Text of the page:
In July I decided to tryout for a musical. My oldest son has been in musicals and plays since fourth grade. My two middle girls have done junior shows the last two summers. I just got a crazy idea to audition for our local community theater. To do something outside my comfort zone this year. So I auditioned for The 25th Annual Putnam County Spelling Bee.
And I got a part… Vice-Principal Douglas Panch. Opening night is September 13. I am excited. I have learned a few things by stepping out of my comfort zone that I would like to share.
Opportunities are there
Sometimes our lives feel so scripted. The routine sets our pace. The days fade together. But there are so many ways to step out of that. I decided to audition for a musical. You can take a class, volunteer, or join a club. There are so many different opportunities in our life to learn something new, develop our skills, ignite a passion for a new hobby. We just have to step out of our comfort zone to get involved.
Getting Feedback is Uncomfortable
As an educator and a coach I know this. I try to keep this idea in mind when I talk with an athlete or student. Instead of giving the feedback, I am receiving it… and it is tough at times. The director knows that I am a rookie, but he is holding me to the same standard as the other actors. I enjoy being held to a high standard, but it means I get a lot of feedback on how I can improve me lines, my dancing, and other aspects of developing my character. Feedback is an important aspect of growing as an actor, as it is for a student, or an athlete. And growth is uncomfortable. It has to be for us to realize our potential.
It is Fun
Even with the stress and struggle, being involved in this musical is fun. I am excited for opening night. I am excited for my family to see me on stage. Being involved is fun.
Being involved in something, working on a skill or learning something new builds your confidence. As a coach, I try to define confidence for my athletes as “trusting the work they put into their practice and preparation.” That holds true for me as I practice my lines and memorize the blocking for different sections. I feel more confident as I am able to deliver my lines off book, as I complete the correct steps during a song. By learning to do something outside my comfort zone, I am learning that I am capable of more than I knew. That confidence filters into other parts of my life.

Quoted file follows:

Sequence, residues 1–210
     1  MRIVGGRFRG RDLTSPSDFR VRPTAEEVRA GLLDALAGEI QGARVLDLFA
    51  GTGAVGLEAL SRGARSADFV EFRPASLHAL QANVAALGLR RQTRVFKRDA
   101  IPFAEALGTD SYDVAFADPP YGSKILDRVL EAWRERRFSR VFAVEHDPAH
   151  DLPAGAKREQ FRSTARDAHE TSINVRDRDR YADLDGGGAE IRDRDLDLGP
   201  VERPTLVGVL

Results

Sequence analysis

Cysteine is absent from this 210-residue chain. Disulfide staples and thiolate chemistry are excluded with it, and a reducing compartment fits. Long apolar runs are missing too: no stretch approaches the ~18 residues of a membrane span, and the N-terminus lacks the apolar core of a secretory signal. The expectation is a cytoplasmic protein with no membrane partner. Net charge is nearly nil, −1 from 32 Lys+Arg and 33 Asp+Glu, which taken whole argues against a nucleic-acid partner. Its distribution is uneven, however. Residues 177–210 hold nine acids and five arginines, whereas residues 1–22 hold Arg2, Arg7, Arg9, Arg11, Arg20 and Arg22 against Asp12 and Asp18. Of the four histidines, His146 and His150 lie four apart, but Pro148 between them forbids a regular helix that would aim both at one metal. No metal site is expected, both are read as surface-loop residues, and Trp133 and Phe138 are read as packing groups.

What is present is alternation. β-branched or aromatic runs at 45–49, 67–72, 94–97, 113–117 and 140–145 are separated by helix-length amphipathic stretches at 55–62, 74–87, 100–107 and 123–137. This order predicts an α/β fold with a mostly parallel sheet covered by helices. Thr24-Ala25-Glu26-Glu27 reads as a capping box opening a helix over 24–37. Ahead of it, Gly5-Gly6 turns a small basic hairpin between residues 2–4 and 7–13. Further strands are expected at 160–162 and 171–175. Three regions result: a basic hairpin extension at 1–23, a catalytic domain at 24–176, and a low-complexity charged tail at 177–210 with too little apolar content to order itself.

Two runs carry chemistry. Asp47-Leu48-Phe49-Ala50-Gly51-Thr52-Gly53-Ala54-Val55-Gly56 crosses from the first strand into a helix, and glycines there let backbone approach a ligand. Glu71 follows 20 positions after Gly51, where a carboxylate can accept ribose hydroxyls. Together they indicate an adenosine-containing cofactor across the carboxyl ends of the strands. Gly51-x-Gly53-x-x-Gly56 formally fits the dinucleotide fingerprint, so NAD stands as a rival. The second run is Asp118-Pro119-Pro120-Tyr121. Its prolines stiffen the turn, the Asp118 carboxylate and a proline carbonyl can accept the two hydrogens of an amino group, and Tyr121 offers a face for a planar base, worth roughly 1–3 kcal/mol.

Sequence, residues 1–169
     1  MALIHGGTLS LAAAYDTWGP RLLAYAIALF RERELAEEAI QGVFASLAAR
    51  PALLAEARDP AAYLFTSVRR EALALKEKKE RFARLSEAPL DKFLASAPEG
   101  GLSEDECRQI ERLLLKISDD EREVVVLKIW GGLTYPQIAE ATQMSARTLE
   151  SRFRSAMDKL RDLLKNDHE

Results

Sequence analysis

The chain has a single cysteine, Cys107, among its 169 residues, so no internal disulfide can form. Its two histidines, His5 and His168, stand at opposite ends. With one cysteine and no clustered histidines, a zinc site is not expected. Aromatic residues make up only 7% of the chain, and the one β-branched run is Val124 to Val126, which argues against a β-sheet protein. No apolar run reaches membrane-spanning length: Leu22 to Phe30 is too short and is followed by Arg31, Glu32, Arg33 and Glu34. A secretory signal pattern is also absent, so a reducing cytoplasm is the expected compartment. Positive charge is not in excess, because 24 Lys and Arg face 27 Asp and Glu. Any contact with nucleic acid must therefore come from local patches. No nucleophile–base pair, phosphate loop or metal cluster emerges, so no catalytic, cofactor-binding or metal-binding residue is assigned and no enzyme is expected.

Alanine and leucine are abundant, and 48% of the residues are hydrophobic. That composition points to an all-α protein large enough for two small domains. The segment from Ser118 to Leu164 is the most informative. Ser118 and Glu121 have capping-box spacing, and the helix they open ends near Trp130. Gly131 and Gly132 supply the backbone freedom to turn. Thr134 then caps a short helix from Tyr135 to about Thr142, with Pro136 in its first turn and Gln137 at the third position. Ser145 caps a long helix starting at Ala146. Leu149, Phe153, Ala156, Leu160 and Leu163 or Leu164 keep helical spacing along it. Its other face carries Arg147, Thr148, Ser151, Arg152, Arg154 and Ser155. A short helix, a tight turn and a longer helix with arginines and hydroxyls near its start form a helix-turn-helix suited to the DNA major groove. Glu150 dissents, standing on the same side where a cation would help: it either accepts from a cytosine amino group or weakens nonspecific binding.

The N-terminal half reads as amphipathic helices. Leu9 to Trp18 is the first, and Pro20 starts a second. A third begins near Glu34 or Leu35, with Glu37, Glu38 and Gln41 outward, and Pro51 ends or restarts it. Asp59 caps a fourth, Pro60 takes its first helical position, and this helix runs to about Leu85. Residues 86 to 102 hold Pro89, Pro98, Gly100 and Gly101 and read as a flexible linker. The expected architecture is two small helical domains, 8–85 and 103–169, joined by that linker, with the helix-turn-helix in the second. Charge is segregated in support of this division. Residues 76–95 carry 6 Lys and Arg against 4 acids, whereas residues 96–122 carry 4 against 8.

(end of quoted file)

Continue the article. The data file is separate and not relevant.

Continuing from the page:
Deciding to audition for a musical was outside my comfort zone. It has been a great experience. I suggest you take the opportunity to find an opportunity to do the same… you won’t regret it.
The picture is my youngest daughter with an iPad. She will turn two in late December. I recently made folders on the iPad, and with out any instruction, she figured out where her favorite apps were. She enjoys drawing and animal apps, the ones that make the animal noises. And yes, we have set her down in front of the iPad when we need a minute or two to finish dinner. But as soon as I grab a book, or flop down on the floor, she will ignore the iPad to interact with me. But will that always be the case?
A few weeks ago the boys had their first basketball practice. The whole elementary basketball league met at the high school for this practice. There were some high school boys helping, and a few other boys that may have been there to help but were goofing around at an open basket.
Two of the boys were on the basketball team and were dressed in practice gear. The third boy was dressed in jeans and a too-large polo shirt. They were shooting crazy shots, doing alley-oops, just being teenagers. Burning off energy and having a fun time. Honestly, I was watching them with a touch of jealousy as they jumped to see if they could touch the rim. I remembered those younger days when my friends and I would do the same thing. Some milestones of adolescence do not change; other aspects seem to be changing.
The three of them were lost in the moment, simply being friends, simply having fun. Then a cell phone went off. The boy in the jeans immediately grabbed his phone to send a quick text. That changed everything, the simplest yet powerful connection of that moment was gone. One of the boys went off to help a group, the boy in the jeans and the other boy tried to continue to play, but the cell phone was now the most important thing.
Technology had become the focus. At one point the boy in the jeans was throwing an alley-oop passes to the other one. The boy had the ball in his hands when his phone went off again. Ball in one hand, he pulls out the phone to check the text message. Without even looking at his friend, he simply rolls the basketball toward the basket. His attention now fully on the phone. His friend grabbed the ball and walked off. It saddened me.
I love technology, but this life is about people, about relationships. Technology allows us even greater opportunities to connect with friends and family. It gives us a chance to make connects with people we normally would never had been able to before. But at this time when the definition of Friend is “click accept.” That a text message on the phone has to be answered right now, no matter what is happening. We need to make the focus on the connection to people, not on the means of making the connection.